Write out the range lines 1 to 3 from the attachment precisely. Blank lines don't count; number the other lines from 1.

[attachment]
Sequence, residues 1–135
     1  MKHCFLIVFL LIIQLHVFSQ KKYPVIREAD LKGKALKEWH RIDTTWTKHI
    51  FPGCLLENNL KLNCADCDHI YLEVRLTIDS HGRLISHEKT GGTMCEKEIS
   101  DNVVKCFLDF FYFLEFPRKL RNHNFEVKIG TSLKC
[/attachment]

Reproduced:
Sequence, residues 1–135
     1  MKHCFLIVFL LIIQLHVFSQ KKYPVIREAD LKGKALKEWH RIDTTWTKHI
    51  FPGCLLENNL KLNCADCDHI YLEVRLTIDS HGRLISHEKT GGTMCEKEIS